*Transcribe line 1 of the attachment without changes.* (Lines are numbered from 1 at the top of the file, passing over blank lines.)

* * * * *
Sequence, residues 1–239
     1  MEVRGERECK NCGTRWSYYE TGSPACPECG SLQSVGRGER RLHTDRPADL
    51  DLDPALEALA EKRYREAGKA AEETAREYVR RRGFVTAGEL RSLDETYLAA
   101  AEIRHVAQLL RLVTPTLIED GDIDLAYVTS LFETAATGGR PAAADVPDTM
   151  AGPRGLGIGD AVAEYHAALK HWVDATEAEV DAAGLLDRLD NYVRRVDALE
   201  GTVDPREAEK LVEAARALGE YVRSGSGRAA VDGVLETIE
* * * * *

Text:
Sequence, residues 1–239